Hello there! I'm Dr. Vinifera, or "Vinny" for short. Ask me your toughest wine questions, from the technical aspects of winemaking to the fine points of etiquette. I hope you find my answers educational and even amusing. Looking for a particular answer? Check my archive and my FAQs. You can also follow me on Twitter: @AskDrVinny.
Dear Dr. Vinny,
I have heard that aging wines does not necessarily make them better, just different. That only experts would appreciate the aged bottle and the average person would not know the difference or maybe not even like the wine at all. What are your thoughts on this matter of aging?
—VeeVee, Simi Valley, Calif.
I agree that aged wines are not automatically better, but they can transform into something different. The best aged wines are transcendent; the worst are oxidized, tired, and uninspiring.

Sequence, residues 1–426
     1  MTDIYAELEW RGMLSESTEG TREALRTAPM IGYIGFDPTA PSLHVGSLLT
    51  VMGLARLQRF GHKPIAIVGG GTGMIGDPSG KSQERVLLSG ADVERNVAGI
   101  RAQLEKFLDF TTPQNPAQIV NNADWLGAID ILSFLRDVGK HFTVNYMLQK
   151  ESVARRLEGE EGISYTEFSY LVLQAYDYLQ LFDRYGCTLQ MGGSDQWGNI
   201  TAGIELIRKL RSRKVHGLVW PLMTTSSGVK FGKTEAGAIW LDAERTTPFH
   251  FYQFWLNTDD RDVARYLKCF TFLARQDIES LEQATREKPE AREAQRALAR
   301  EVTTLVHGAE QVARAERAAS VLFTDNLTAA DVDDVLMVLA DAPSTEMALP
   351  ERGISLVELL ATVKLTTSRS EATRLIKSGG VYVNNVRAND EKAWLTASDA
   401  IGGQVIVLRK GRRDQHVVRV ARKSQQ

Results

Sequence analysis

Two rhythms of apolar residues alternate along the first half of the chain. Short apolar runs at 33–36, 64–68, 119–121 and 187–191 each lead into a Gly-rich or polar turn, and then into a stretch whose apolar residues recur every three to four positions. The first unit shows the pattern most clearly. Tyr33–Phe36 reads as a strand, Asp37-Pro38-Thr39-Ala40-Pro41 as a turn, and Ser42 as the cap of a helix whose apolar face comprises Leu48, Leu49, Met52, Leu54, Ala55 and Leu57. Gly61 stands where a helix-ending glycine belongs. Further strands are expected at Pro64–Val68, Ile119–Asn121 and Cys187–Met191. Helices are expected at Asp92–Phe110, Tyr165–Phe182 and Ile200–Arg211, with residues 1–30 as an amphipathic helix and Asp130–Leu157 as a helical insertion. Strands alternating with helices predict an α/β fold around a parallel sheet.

Aged wines are not for everyone. If you're not familiar with the nuances that older wines take on, you might be surprised and even disappointed in how they taste. My fear is that new wine lovers will age their wines without realistic expectations of what happens. If you like your wines with a lot of rich, ripe fruit flavors, bright acidity and healthy tannins, older wines might not be for you.
Don't think of a cellar as a wine hospital. If you don't like a wine in its youth, it's not going to magically become better in its old age. Also, a bottle that hasn't been aged in ideal cellar conditions (constant, 55 degree-ish temps away from light, heat, and temperature variation) might not be in the best shape.
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